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What books/authors have influenced your writing?
As far as other authors are concerned, Dan Pollock, author of Orinoco and The Running Boy, has been of great assistance to me. I published my first book too early as it was poorly edited and hence not ready for primetime. He chided me on Twitter for not self-promoting, and I did not because I was embarrassed by the poor quality of the editing. He got me to realize that I needed to take a more active role in developing my writing career. I took the book down and re-edited it and put it back out for sale. Dan has reviewed some of my work and interviewed me on his blog. He’s a great guy and an excellent writer.
My favorite author is the late Elmore Leonard. He truly inspired me to try and write the way people actually talk. His Rules for Writing are meant to be somewhat tongue in cheek, but they are still good guidance for aspiring writers. Leonard’s work translates well to film, and his dialog is some of the best I’ve ever read. One of my favorite books is Norman Mailer’s Tough Guys Don’t Dance. The movie is actually very close to the book as I believe Mailer wrote the script. The book takes place in Provincetown, MA, a place I’ve visited on occasion as Cape Cod is close to where I grew up. The plot is littered with depraved characters doing heinous things to each other, but it actually has a happy ending. Mailer writing a thriller is like Tom Brady playing against the 49ers. You know he’s going to be living in the end zone. Another truly great book is Deliverance. I’m reading it now, and Dickey’s talent is his ability to write a thought evoking turn of phrase, but I really didn’t care for the love scene. (*Cue drummer for rim-shot).
Tell us something you hate doing.
I hate working for a living. Writing is a lot more fun and doesn’t seem like work—most of the time. I also dislike certain aspects of writing a book, but they are necessary if you don’t want to publish inferior work. I hate editing because it’s tedious, but it’s a necessary part of writing. Copy editing my work is a pain, and I sometimes outsource that, but I’ve learned through painful experience to be very selective in trusting just anyone to do it. Right now, I use a program called Grammarly, to check spelling and grammar and while pretty good, it’s far from perfect.
What's your pet peeve?
Well, my pet won’t behave, so that is specifically a pet peeve, but that’s probably not what you meant. Relative to my experience as an author, it would have to be the fact that the population in general reads less and watches television and movies more. Additionally, they read literature that is more cartoonish and less serious in nature. Either the hero or heroine has special powers or most of the action occurs below the waistline. It reminds me of Mike Judge, one of the creators of the movie Idiocrasy, lamenting: ‘It wasn’t meant to be a documentary!’ I’m not saying the novels I write rank anywhere near great tomes of literature, but some of the stuff out there is meant solely to appeal to the reader’s baser instincts, and that’s disappointing. 50 Shades of Gray? Sure, it sold a lot of copies, but you have to ask yourself, why? Apparently, there is a lot of sexual frustration out there. My fan base appears to consist largely of beer-drinking and hence, heavy-set men in their fifties. They seem to be fans of similar protagonists—like the twin Jacks of different mothers: Reacher and Ryan. But, my heroes are a bit different as they are good guys who are a little bad.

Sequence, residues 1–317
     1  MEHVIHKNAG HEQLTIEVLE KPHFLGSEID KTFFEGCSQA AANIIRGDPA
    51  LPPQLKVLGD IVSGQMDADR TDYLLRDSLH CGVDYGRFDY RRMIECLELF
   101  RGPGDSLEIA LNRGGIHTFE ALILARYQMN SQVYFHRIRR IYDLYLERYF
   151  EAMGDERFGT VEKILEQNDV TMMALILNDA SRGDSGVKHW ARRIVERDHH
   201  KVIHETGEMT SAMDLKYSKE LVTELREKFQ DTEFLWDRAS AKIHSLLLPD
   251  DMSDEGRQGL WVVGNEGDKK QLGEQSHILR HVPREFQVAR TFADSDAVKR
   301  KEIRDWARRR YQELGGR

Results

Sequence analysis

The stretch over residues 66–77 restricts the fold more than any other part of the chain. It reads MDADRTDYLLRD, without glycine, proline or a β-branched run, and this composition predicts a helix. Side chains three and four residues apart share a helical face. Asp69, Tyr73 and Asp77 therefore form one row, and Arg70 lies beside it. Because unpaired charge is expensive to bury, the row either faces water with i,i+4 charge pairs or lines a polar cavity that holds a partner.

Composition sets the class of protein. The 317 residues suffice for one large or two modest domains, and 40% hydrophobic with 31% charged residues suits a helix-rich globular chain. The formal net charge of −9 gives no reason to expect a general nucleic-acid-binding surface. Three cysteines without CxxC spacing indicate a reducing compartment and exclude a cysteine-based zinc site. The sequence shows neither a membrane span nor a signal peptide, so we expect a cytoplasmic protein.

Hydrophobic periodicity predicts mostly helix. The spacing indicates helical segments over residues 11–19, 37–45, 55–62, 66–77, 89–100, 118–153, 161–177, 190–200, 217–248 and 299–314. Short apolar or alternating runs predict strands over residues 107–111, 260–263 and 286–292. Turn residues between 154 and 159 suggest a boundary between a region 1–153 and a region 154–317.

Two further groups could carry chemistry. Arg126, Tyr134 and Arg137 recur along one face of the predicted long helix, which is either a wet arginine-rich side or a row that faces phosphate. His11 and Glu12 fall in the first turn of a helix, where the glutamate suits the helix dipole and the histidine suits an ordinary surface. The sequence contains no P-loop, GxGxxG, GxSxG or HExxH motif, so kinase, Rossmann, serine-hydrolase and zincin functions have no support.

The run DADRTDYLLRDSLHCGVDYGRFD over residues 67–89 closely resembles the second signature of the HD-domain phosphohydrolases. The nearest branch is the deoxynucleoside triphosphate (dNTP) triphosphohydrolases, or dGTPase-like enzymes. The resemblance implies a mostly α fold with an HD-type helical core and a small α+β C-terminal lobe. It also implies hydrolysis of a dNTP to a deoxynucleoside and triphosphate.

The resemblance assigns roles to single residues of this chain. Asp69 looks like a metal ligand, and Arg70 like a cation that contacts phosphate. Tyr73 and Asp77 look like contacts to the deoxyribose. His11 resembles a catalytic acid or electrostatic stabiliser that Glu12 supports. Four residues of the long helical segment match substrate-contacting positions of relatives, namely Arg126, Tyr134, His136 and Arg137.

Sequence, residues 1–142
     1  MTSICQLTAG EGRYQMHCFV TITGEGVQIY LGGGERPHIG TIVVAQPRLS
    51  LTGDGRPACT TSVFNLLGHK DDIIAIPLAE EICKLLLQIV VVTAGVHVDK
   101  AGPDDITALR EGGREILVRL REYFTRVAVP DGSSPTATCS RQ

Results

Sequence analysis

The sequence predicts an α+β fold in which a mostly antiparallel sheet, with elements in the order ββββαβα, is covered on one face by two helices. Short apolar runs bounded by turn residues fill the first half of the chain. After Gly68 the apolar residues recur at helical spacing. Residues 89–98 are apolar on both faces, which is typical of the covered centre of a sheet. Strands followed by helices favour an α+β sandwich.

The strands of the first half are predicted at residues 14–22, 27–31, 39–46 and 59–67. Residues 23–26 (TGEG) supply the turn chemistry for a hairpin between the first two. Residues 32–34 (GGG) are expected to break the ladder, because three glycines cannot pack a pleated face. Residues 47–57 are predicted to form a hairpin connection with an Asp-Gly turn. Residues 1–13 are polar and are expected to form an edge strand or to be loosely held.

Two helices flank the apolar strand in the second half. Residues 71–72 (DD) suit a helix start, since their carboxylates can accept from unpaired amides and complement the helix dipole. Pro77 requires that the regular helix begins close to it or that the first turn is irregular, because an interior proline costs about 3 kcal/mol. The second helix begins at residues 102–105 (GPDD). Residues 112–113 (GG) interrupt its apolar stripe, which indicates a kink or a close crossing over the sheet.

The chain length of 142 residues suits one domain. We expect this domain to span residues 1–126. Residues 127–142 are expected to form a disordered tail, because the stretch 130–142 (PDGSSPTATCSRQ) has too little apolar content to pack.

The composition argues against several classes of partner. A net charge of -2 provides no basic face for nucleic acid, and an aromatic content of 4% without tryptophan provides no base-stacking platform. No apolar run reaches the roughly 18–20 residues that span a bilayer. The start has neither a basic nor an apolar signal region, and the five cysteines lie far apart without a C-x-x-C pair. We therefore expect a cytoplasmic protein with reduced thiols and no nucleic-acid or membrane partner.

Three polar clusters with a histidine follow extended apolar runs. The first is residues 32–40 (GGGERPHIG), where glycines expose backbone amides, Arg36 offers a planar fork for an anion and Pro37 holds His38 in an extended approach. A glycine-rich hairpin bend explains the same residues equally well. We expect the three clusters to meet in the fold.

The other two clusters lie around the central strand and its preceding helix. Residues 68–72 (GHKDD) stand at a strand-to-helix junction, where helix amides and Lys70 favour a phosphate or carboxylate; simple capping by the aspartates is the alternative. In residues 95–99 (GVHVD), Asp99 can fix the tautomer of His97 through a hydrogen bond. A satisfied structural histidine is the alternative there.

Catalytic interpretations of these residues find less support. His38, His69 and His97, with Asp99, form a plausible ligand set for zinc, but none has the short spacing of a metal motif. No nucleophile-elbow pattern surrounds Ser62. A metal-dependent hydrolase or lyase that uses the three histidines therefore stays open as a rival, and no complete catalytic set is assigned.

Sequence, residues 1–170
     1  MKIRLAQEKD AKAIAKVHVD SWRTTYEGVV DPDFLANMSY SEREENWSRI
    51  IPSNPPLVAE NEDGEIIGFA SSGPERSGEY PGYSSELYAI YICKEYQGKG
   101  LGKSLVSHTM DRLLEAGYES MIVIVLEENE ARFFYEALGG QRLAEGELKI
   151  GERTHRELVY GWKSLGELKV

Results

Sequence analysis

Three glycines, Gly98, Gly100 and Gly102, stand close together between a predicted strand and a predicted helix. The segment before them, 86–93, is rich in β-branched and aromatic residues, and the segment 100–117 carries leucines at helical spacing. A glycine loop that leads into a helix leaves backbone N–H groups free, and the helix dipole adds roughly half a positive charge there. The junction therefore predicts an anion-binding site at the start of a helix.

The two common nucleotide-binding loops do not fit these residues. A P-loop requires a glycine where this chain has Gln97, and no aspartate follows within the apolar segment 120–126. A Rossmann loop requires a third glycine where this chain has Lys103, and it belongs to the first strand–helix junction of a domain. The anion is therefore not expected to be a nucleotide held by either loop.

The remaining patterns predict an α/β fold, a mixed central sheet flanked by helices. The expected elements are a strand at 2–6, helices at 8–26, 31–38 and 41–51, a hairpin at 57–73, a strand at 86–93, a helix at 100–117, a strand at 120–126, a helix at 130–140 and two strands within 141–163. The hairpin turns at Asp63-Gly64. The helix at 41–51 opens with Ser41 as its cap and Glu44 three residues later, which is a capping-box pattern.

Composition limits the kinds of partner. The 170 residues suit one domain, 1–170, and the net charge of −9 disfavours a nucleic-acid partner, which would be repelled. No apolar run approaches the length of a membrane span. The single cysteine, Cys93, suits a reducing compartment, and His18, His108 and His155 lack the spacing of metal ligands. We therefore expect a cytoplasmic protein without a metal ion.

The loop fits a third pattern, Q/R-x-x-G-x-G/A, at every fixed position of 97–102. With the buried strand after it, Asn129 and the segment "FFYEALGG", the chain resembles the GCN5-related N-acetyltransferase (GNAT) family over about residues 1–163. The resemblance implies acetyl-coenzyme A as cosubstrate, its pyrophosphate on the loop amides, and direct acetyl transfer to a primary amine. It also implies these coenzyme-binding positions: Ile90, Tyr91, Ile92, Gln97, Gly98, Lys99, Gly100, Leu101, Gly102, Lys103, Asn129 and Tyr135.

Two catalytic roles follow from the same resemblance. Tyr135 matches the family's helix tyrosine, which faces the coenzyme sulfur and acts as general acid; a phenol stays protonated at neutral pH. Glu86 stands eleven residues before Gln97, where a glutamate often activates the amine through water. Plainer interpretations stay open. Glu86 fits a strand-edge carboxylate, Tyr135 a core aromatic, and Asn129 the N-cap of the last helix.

Who was your favorite hero/heroine?
Hoke Moseley, a cop in Miami Blues, is one of my favorite characters because he is a simple down to earth guy—a regular mensch, who still gets his man. He served as partial inspiration for my cop character, Eidetic Eddie Doyle. My favorite anti-hero is Walter White in Breaking Bad. He’s a seemingly nice guy who reveals his true dark nature over time. He seems like a civilized man, but he engages in uncivilized behavior—that of cooking methamphetamine, but he still has a thin veneer of civility about him. He cares about his son and his wife, is doting on the new baby and upon occasion has a glass of Scotch and a low-key family-centric good time. But there is always an inkling that his dark side is bubbling just below the surface. He commits violent acts in a very logical and methodical manner. Yet, slowly, his true self is revealed as his selfish acts result in widespread chaos and mayhem. Walter is truly a great villain. In the end, all his friends and family have discovered his true nature and he is left with no one. Another hero worth honorable mention is Ray Donovan, from the Showtime series of the same name. He’s realistically drawn in that he’s a hard living guy who isn’t above taking the law into his own hands—in fact, that’s pretty much all he does.
Have you ever had one character you wanted to go one way with but after the book was done the character was totally different?
The funny thing is that my tagline as an author is that “I write about good guys, who are a little bad” in that they do bad thinks, but they are redeemable. I started out writing about a good guy, Char Blackfox, who decides to do a bad thing and rob a casino boat on the high seas. One of the reviewers commented that she didn’t like books where the bad guy gets away with it and although that’s not exactly the truth, I did agree that there was a certain moral ambiguity about the lead characters and that might strike some readers that way. I designed the plot in such a way as to make the heroes less evil than the true villain, in this case, a disgraced Mafia Capo, who masterminded the robbery. I took the point that my protagonists might be confused for villains and therefore, they needed to be reformed. I followed that path in the second book of the series, Starfish Prime—Michael, one of the protagonists, gets conscripted into Marine Corps Special Ops and he and his father are offered redemption should the military operation succeed.
Enjoy an Excerpt: